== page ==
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Student Perspective: Computers in the Classroom: Tools or Toys?


Earlier this month, Dan Rockmore, Professor of Computer Science at Dartmouth wrote "The Case for Banning Laptops in the Classroom" in The New Yorker and Mary Flanagan, the Sherman Fairchild Distinguished Professor in Digital Humanities wrote "The Classroom as Arcade" in Inside Higher Ed.

Rose Wang '17

At Dartmouth, most students carry their laptops around on school days, both for studying after classes and also taking notes during lectures. As I sit here in the 1902 room of the library and count the number of people studying with computers, about thirty out of the thirty-five people in this room are staring at their computer screens, presumably studying, as they choose to be in the library. For the rest of the group, two people are checking their iPhones, two are chatting with friends in whispers. I only found one person studying from a good ol’ fashioned binder, sitting at the window, flipping through paper notes once in a while. For better or worse, computers have become a significant part of a Dartmouth student’s learning experience.

Students have complete autonomy over their study habits outside of class, but in the classroom, it’s a different story. Professors have surprisingly different policies in each course, ranging from encouragement to absolute abhorrence. After many years of sitting through boarding school and college courses, I noticed the professors’ attitudes towards computers in the classroom tend to be consistent with the nature of their subject, specifically whether the subject was quantitative or qualitative.

I noticed that usually humanities professors with less quantitative background are more reluctant to allow students to use computers to take notes, such as my government professors, and my creative writing professor, who explicitly banned computers in class. From my experience, professors who discouraged students to use computers in class generally provide the same reason, sometimes even word by word: “the computer screen gets in the way of your listening to your peers,” they said. I even had a media studies teacher in high school who brought research results to the first class to prove it.

In comparison, some quantitatively-inclined faculty, such as my statistics professor, did not even notice the "computers in the classroom" issue because he saw it as completely natural to take notes on a computer (the class did not require computer calculations, so it was not a stats-specific issue). In high school, I also had a fluid mechanics teacher who said we could take photos of the board in class with cell phones or computers, if we took notes with these devices.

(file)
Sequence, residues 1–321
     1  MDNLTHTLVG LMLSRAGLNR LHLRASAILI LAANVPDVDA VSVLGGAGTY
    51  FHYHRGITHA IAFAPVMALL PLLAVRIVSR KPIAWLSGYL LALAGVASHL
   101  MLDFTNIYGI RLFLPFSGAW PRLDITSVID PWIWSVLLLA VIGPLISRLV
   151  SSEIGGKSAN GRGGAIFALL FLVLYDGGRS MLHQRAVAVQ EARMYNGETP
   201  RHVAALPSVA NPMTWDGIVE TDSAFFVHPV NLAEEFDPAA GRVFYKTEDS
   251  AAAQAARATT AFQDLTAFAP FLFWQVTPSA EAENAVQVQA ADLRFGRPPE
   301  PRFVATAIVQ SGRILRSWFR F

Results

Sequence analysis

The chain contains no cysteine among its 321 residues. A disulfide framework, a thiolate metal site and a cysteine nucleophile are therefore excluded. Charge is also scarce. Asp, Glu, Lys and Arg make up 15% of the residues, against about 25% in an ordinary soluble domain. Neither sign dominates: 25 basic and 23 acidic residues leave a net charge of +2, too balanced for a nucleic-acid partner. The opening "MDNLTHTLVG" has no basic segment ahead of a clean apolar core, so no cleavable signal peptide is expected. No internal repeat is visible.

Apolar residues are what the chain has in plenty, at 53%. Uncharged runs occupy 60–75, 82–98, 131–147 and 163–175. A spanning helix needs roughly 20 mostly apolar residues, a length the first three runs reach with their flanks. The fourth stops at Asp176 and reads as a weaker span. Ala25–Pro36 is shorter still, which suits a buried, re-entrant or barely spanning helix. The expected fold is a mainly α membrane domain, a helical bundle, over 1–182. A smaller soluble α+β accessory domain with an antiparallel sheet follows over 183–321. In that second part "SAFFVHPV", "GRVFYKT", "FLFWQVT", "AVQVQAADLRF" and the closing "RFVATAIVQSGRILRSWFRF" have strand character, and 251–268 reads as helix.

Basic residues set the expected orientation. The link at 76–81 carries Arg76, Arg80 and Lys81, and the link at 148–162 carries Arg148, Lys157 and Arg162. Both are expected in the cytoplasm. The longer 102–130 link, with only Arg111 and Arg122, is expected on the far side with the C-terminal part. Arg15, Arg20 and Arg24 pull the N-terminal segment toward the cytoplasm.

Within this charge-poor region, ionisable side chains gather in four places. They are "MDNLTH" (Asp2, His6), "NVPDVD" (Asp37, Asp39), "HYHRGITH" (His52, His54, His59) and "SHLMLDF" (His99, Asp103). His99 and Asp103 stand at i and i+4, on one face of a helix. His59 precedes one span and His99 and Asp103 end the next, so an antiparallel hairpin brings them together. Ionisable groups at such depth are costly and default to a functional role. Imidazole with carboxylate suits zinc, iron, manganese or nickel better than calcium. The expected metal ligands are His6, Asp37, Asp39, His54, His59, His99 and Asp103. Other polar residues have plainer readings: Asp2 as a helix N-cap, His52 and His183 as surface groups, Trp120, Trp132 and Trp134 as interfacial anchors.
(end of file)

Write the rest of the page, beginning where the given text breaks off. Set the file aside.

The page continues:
There are also professors who fall in the middle category. In my personal experience, philosophy professors tend to be ambivalent about computers in the classroom. I had a philosophy professor who expressed his concerns over students’ browsing the Internet during class, but eventually said that he understood that most students study on the computer these days.

Teachers who hold more liberal views about education even encourage students to use computers, and digitalize readings across the board. While I haven’t experienced this level of digital involvement at Dartmouth, back at my boarding school, I had a philosophy teacher who also taught at Harvard Divinity School. She was very liberal about educational inclusivity and progressiveness. She explicitly said she welcomed our bringing iPads to class and wanted us to be able to access our readings this way. She believed it to be the future of education.

Now let’s take a look at the other side of the problem. Some opponents of computers in the classroom might raise the objection that students would browse online instead of taking notes. I sometimes find myself in that situation—the computer screen does offer an escape from the classroom. One can check email, go on Facebook, read the news, etc. As I look around the computer screens in the 1902 room, I quickly spot multiple screens displaying Facebook’s blue interface. Social media websites have become so common for our generation that they become the go-to sites when we are stressed or bored.

It seems there are two debates in this topic: first, whether there exists an interesting relationship between professors’ subjects and their tolerance for students to use computers in class. This question discusses a positive statement about how the world is, not how it should be. Secondly, there is another debate on whether computers should be used in class or serve as a significant part of the learning process. This is a normative debate on how the world should be. Until we can find satisfactory answers to both of these debates, we would have to struggle every day in the morning, whether we should bring that computer to class today.

My intention is not to generalize about teachers’ political attitudes, subject differences and technology tolerance. Such a relationship could only be revealed by careful research with a large enough sample. This article intends to explore the “curiosity phase” that leads up to designing such research, and I invite my readers to consider their own experiences, regardless if they are consistent with my own.

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